Hardendale medieval dispersed settlement and site of medieval monastic grange
List Entry Summary
This monument is scheduled under the Ancient Monuments and Archaeological Areas Act 1979 as amended as it appears to the Secretary of State to be of national importance. This entry is a copy, the original is held by the Department for Culture, Media and Sport.
Name: Hardendale medieval dispersed settlement and site of medieval monastic grange
List entry Number: 1016759
The monument may lie within the boundary of more than one authority.
District Type: District Authority
Parish: Shap Rural
National Park: Not applicable to this List entry.
Grade: Not applicable to this List entry.
Date first scheduled: 07-Jul-1999
Date of most recent amendment: Not applicable to this List entry.
Legacy System Information
The contents of this record have been generated from a legacy data system.
Legacy System: RSM
This list entry does not comprise part of an Asset Grouping. Asset Groupings are not part of the official record but are added later for information.
List entry Description
Summary of Monument
Legacy Record - This information may be included in the List Entry Details.
Reasons for Designation
Medieval rural settlements in England were marked by great regional diversity
in form, size and type, and the protection of their archaeological remains
needs to take these differences into account. To do this, England has been
divided into three broad Provinces on the basis of each area's distinctive
mixture of nucleated and dispersed settlements. These can be further divided
into sub-Provinces and local regions, possessing characteristics which have
gradually evolved during the past 1500 years or more.
This monument lies in the Cumbria-Solway sub-Province of the Northern and
Western Province, an area characterised by dispersed hamlets and farmsteads,
but with some larger nucleated settlements in well-defined agriculturally
favoured areas, established after the Norman Conquest. Traces of seasonal
settlements, or shielings, dominate the high, wet and windy uplands, where
surrounding communities grazed their livestock during the summer months.
The Eden Valley local region is a rich agricultural lowland ringed by mountain
pastures. It is densely settled with small market towns, villages, hamlets and
isolated farmsteads. Medieval castles and monasteries, a multitude of
earthwork sites and the distinctive mix of Celtic, Scottish, English,
Scandinavian and Norman place-names all testify to the ancient and long
sustained occupation of this important region.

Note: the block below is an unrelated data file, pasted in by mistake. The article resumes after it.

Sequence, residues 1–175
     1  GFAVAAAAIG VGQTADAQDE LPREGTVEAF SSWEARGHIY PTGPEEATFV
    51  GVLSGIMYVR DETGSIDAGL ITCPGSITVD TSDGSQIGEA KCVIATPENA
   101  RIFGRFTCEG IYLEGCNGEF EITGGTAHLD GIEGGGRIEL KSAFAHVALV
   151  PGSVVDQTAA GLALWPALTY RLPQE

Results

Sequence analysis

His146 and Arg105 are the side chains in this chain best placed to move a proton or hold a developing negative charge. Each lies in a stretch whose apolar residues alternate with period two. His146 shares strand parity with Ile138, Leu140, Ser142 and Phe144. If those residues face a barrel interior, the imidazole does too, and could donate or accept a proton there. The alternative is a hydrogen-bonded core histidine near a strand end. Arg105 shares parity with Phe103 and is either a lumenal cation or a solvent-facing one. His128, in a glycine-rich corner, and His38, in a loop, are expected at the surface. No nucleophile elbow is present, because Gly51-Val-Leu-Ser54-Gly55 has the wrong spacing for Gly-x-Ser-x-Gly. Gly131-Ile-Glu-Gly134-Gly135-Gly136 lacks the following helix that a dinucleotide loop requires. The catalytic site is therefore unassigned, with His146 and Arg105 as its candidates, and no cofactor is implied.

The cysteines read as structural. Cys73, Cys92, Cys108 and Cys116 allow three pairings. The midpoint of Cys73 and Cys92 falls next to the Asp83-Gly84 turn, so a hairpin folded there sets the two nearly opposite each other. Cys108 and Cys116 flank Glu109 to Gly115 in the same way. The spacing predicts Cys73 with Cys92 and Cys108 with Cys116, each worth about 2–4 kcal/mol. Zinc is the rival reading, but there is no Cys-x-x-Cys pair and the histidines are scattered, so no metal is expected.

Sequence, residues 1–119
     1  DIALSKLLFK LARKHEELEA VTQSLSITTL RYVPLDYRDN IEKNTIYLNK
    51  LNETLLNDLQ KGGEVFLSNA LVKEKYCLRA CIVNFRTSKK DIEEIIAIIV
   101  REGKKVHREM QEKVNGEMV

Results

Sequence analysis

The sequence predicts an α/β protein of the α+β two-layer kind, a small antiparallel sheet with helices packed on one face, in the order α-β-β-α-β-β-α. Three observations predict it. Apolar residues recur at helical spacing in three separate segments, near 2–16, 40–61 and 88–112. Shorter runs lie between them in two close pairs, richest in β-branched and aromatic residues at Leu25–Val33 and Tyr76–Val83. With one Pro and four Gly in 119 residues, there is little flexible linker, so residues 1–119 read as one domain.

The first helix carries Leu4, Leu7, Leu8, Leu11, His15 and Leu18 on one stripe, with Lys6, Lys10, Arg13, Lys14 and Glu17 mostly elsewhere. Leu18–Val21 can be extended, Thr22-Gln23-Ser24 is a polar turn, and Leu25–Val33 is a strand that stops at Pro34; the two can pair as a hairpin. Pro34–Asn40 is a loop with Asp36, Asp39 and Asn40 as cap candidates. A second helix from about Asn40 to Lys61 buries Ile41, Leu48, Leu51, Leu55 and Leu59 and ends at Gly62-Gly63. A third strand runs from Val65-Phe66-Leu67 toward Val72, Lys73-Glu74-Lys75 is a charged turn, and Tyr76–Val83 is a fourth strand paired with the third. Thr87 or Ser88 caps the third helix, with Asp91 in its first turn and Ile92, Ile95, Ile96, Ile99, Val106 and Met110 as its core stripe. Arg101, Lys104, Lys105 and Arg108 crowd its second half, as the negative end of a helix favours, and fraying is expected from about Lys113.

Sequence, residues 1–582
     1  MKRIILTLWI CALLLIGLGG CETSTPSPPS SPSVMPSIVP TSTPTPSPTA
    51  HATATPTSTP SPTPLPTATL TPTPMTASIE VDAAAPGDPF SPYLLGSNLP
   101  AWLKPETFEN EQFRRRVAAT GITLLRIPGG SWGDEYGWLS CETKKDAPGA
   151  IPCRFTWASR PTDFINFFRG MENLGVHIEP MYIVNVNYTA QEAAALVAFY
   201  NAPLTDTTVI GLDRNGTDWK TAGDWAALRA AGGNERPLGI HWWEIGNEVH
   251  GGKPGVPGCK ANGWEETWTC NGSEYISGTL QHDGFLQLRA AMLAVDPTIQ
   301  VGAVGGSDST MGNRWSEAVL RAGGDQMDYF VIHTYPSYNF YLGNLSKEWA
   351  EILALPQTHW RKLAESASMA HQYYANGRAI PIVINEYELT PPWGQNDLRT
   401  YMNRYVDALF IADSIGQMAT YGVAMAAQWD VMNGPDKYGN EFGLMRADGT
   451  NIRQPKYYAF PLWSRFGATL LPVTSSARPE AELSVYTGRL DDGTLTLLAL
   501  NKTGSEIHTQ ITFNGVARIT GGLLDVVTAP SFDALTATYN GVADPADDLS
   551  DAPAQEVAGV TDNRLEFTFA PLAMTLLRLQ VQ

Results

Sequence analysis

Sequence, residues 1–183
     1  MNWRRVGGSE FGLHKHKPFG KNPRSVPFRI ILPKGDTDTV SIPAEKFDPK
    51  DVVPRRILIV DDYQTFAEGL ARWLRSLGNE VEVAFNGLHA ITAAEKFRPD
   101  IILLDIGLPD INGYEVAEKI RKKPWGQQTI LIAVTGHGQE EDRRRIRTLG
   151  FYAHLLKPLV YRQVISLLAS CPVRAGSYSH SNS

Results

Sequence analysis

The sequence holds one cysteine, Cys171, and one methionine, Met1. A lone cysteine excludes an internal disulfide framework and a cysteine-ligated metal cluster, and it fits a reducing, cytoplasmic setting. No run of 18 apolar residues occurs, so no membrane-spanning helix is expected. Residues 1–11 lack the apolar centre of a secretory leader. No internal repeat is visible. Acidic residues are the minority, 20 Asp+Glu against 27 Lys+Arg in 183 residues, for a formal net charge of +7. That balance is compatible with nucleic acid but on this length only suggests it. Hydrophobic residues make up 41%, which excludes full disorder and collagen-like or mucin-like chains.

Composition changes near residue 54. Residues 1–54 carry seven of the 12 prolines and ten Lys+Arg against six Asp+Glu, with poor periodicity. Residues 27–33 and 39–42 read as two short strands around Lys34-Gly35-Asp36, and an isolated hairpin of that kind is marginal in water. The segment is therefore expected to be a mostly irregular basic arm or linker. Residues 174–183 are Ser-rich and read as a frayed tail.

In some areas of medieval England settlement was dispersed across the landscape rather than nucleated into villages. Such dispersed settlement in an area, usually a township or parish, is defined by the lack of a single (or principal) nucleated settlement focus such as a village and the presence instead of small settlement units (small hamlets or farmsteads) spread across the area. These small settlements usually have a degree of interconnection with their neighbours, for example, in relation to shared common land or road systems. Dispersed settlements varied enourmously from region to region, but where they survive as earthworks their distinguishing features include roads and other minor tracks, platforms on which stood houses and other buildings such as barns, enclosed crofts and small enclosed paddocks. In areas where stone was used for building, the outline of building foundations may still be clearly visible. Communal areas of the settlement frequently include features such as bakehouses, pinfolds and ponds. Areas of dispersed medieval settlement are found in both the South Eastern and Northern and Western Provinces of England. They are found in upland and also some lowland areas. Where found, their archaeological remains are one of the most important sources of information about rural life in the five or more centuries following the Norman Conquest. A monastic grange was a farm owned and run by a monastic community and independent of the secular manorial system of communal agriculture and servile labour. The function of granges was to provide food and raw materials for consumption within the parent monastic house itself, and also to provide surpluses for sale for profit. The first monastic granges appeared in the twelfth century but they continued to be constructed and used until the Dissolution. This system of agriculture was pioneered by the Cistercian order but was soon imitated by other orders. Some granges were worked by resident lay-brothers (secular workers) of the order but others were staffed by non-resident labourers. The majority of granges practiced a mixed economy but some were specialist in their function. Five types of grange are known: agrarian farms, bercaries (sheep farms), vaccaries (cattle ranches), horse studs and industrial complexes. Granges could be found wherever a monastic site held lands and on occasion these could be located some considerable distance from the parent monastery. The number of monastic granges which originally existed is not precisely known but can be estimated at several thousand. Of these, however, only a small percentage can be accurately located on the ground today. Of this group of identifiable sites, continued intensive use of many has destroyed much of the evidence of archaeological remains. In view of the importance of granges to medieval rural and monastic life, all sites exhibiting good archaeological survival are identified as nationally important. The monument is a rare example in north west England of a medieval dispersed settlement which developed out of an earlier medieval monastic grange. Despite being partly overlain by post-medieval development, a substantial proportion of the medieval dispersed settlement of Hardendale survives reasonably well. It is a good example of this class of monument in the Eden Valley local region and will add greatly to our understanding of the wider settlement and economy during the medieval period. In addition, buried remains of the medieval grange will also survive.